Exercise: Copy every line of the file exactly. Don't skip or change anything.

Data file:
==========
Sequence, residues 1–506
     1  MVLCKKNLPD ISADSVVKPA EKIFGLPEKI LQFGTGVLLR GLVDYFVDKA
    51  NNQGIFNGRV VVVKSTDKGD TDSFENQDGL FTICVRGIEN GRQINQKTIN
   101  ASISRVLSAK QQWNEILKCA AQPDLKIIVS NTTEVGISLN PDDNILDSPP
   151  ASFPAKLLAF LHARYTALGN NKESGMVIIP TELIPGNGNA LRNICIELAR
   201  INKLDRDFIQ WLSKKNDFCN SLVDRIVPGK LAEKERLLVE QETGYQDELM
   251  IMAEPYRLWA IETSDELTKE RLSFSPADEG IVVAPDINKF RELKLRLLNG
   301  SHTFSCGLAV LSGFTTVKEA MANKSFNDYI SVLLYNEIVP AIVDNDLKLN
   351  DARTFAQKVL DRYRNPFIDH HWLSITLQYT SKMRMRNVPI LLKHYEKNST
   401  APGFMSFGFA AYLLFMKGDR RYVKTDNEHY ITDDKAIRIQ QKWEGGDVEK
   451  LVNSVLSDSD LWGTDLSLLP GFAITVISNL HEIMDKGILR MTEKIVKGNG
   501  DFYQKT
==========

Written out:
Sequence, residues 1–506
     1  MVLCKKNLPD ISADSVVKPA EKIFGLPEKI LQFGTGVLLR GLVDYFVDKA
    51  NNQGIFNGRV VVVKSTDKGD TDSFENQDGL FTICVRGIEN GRQINQKTIN
   101  ASISRVLSAK QQWNEILKCA AQPDLKIIVS NTTEVGISLN PDDNILDSPP
   151  ASFPAKLLAF LHARYTALGN NKESGMVIIP TELIPGNGNA LRNICIELAR
   201  INKLDRDFIQ WLSKKNDFCN SLVDRIVPGK LAEKERLLVE QETGYQDELM
   251  IMAEPYRLWA IETSDELTKE RLSFSPADEG IVVAPDINKF RELKLRLLNG
   301  SHTFSCGLAV LSGFTTVKEA MANKSFNDYI SVLLYNEIVP AIVDNDLKLN
   351  DARTFAQKVL DRYRNPFIDH HWLSITLQYT SKMRMRNVPI LLKHYEKNST
   401  APGFMSFGFA AYLLFMKGDR RYVKTDNEHY ITDDKAIRIQ QKWEGGDVEK
   451  LVNSVLSDSD LWGTDLSLLP GFAITVISNL HEIMDKGILR MTEKIVKGNG
   501  DFYQKT